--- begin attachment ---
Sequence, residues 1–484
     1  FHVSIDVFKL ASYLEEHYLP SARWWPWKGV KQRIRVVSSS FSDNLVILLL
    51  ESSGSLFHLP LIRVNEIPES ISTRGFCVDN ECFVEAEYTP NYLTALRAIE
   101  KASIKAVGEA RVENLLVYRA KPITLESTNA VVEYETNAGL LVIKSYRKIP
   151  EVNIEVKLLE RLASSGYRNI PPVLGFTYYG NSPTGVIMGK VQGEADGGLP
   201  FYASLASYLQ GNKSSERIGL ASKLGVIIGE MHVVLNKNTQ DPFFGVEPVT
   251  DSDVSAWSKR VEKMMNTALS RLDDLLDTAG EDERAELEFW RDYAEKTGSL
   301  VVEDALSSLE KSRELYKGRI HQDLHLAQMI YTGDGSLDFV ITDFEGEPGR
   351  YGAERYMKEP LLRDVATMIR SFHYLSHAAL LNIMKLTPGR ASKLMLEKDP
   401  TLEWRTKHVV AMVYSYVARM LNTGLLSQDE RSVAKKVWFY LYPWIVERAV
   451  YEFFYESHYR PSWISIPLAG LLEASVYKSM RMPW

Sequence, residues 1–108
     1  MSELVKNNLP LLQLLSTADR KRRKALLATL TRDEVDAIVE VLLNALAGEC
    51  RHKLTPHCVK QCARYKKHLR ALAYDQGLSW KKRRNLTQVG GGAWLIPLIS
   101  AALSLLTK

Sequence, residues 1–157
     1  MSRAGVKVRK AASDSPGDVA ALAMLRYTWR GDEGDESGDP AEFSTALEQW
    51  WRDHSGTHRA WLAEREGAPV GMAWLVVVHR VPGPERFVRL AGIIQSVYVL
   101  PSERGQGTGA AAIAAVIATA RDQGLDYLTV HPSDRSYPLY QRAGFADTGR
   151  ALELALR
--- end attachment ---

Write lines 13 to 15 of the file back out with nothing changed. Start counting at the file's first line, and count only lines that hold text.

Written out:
     1  MSELVKNNLP LLQLLSTADR KRRKALLATL TRDEVDAIVE VLLNALAGEC
    51  RHKLTPHCVK QCARYKKHLR ALAYDQGLSW KKRRNLTQVG GGAWLIPLIS
   101  AALSLLTK